By employing a new approach called Big Data Palaeoecology (BDP), researchers have analysed 1,634 samples of pollen from all over Europe in order to check what plants could be found in various regions. In this way, they determined whether agricultural activities during the pandemic in a specific place have decreased or increased, which is directly related to dwindling or rising population. They also checked if there were any indications of wild plants encroaching upon farmlands and urbanised areas, which would be a sign of lower pressure exerted by humans over the environment.

Research suggests that the death rate during the Black Death differed greatly depending on region. In some areas, the number of deaths was massive, in others, the threat was relatively low. For instance, the sudden plummet of agricultural production in Scandinavia, France, south-western Germany, Greece and central Italy is a proof of high mortality, but other regions, like most of Central and Eastern Europe as well as Ireland and the Iberian Peninsula, show either no changes or even an increase in human agricultural activities.

‘The differences in death rates that we have confirmed using BDP needs more investigation, bearing in mind cultural, environmental, economic and social factors of each region. Various factors could have had an impact on the spread of the disease, infectivity and mortality’, said Dr hab. Piotr Guzowski from the University of Białystok.

There is no single model of a pandemic

One of the reason for the project’s uniqueness is the fact that most of the historical sources previously used to study the impact of the Black Death came from urban areas, which had higher literacy and bureaucracy, but also higher population density and worse sanitary conditions. At the same time, more than 75% of the population of Europe lived in rural areas. This shows that in order to accurately assess the damage in each region, it is necessary to make use of local data: not only information gathered from historical sources, but also that which we can glean from the environment using BDP.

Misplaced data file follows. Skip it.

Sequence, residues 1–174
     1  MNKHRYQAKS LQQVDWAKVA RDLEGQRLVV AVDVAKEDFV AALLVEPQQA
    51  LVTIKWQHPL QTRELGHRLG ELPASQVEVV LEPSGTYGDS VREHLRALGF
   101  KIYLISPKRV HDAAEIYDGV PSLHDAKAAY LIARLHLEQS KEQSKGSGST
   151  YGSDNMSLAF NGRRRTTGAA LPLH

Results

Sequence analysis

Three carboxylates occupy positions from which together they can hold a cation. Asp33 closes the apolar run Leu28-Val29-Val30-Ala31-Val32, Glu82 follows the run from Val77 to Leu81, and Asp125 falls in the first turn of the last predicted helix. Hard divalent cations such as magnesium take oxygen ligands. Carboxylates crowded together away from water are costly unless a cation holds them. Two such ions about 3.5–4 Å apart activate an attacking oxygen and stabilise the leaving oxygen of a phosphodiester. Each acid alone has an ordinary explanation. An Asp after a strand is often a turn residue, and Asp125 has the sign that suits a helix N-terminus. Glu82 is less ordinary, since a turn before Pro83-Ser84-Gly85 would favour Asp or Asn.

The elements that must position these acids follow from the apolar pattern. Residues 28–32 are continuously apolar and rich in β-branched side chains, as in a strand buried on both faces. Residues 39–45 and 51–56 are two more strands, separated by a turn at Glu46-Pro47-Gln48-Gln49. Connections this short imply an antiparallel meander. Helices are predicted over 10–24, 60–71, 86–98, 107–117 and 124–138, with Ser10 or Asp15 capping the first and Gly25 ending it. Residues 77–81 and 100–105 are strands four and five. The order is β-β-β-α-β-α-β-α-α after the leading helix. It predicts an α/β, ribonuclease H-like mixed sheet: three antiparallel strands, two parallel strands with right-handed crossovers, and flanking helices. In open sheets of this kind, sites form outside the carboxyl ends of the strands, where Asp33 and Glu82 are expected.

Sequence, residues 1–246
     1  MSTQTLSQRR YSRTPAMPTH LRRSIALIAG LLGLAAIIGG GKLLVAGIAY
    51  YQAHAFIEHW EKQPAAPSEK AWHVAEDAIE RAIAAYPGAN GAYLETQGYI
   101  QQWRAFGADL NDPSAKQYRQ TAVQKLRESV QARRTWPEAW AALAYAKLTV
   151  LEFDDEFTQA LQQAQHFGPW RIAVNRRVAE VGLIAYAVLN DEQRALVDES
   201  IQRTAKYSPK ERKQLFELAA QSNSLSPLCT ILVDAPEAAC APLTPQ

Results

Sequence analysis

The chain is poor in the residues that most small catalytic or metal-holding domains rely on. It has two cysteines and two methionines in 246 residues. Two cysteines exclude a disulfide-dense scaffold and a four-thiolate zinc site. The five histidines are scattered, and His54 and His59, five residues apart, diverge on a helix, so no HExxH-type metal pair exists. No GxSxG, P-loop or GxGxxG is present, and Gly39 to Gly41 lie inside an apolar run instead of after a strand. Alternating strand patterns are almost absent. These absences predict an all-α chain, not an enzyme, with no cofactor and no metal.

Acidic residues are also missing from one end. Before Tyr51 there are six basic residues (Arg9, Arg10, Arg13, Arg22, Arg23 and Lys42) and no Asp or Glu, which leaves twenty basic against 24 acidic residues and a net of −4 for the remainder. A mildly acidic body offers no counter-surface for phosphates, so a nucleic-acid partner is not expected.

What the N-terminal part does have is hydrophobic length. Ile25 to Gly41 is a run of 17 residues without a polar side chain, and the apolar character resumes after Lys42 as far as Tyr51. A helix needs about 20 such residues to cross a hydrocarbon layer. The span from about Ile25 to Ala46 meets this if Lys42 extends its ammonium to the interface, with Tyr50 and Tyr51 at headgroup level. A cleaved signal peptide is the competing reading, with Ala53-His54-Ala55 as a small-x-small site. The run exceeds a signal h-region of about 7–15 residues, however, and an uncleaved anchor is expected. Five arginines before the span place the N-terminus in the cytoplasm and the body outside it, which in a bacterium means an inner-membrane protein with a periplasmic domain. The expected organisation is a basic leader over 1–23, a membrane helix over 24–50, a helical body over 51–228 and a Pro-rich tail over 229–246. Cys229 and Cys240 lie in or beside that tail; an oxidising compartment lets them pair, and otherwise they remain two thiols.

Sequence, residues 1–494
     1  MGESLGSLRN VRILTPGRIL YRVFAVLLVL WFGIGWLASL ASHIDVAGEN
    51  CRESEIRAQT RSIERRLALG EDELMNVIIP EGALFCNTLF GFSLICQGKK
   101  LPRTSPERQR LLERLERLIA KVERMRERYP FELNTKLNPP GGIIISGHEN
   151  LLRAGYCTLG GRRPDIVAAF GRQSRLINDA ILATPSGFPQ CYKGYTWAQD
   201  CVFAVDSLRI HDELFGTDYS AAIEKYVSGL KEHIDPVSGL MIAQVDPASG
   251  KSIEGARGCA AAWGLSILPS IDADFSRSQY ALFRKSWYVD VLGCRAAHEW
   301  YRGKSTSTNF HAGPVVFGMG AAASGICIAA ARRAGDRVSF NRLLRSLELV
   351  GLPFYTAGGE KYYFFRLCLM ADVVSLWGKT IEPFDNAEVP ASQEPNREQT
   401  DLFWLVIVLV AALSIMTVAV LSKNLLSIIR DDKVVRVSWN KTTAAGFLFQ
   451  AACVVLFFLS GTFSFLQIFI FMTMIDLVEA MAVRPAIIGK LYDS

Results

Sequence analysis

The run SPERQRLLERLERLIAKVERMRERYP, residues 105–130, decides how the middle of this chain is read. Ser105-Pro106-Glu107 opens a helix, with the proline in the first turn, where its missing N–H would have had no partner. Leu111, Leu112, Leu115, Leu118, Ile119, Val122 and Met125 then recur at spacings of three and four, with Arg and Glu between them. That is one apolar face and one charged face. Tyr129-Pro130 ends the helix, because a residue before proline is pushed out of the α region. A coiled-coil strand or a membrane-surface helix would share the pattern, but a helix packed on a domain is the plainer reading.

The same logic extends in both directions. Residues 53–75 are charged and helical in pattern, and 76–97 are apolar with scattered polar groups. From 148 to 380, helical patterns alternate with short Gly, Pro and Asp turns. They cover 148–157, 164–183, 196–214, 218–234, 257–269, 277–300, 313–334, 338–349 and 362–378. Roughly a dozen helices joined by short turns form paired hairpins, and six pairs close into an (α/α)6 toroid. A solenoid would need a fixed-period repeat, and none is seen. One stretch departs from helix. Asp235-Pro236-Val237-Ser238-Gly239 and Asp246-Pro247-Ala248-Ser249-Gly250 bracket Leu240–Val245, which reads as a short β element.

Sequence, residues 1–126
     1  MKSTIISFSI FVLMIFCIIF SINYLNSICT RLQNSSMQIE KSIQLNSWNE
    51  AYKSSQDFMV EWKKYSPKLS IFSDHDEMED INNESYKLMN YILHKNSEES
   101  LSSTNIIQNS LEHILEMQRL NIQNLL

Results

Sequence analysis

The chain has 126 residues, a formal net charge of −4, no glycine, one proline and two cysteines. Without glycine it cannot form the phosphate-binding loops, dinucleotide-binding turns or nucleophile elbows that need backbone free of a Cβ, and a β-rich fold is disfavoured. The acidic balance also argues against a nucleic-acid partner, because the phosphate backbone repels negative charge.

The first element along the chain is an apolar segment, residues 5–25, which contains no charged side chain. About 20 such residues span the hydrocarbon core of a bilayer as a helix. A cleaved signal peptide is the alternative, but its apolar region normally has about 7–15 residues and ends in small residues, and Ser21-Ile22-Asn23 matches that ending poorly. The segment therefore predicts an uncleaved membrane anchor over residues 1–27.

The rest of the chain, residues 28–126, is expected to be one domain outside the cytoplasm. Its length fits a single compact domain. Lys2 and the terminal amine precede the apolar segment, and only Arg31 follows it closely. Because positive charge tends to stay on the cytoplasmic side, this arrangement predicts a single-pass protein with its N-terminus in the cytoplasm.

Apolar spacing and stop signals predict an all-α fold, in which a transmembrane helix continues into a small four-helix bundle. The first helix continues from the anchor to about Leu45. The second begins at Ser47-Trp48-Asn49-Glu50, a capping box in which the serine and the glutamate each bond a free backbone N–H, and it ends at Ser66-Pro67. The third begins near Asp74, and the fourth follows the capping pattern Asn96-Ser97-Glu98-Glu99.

‘There is no single model of a pandemic or an epidemic of the plague which can be applied to every place at every time, irrespectively of context. Pandemics are very complex phenomena that have their own regional histories. We can see that in the case of COVID-19, and we proved that was also true for the Black Death’, said Dr hab. Adam Izdebski.

Differences in the death rates across Europe shows that the plague was a very dynamic disease influenced by various cultural, ecological, economic and environmental factors. Researchers hope that in the future, palaeoecological data could be applied in a broader context to understand how regional conditions impacted past pandemics and still impact those that we face in the present day.

Big Data Palaeoecology: verifying the death rate of the Black Death. Authors: Adam Izdebski, Timothy Newfield, Hans Sell, Michelle O’Reilly

Various scenarios of regional variance in the mortality of Black Death in light of the PDP research. Coloured patches show changes in crop pollen over the centuries, superimposed on a map of 14th century Europe. Authors: Hans Sell, Michelle O’Reilly, Adam Izdebski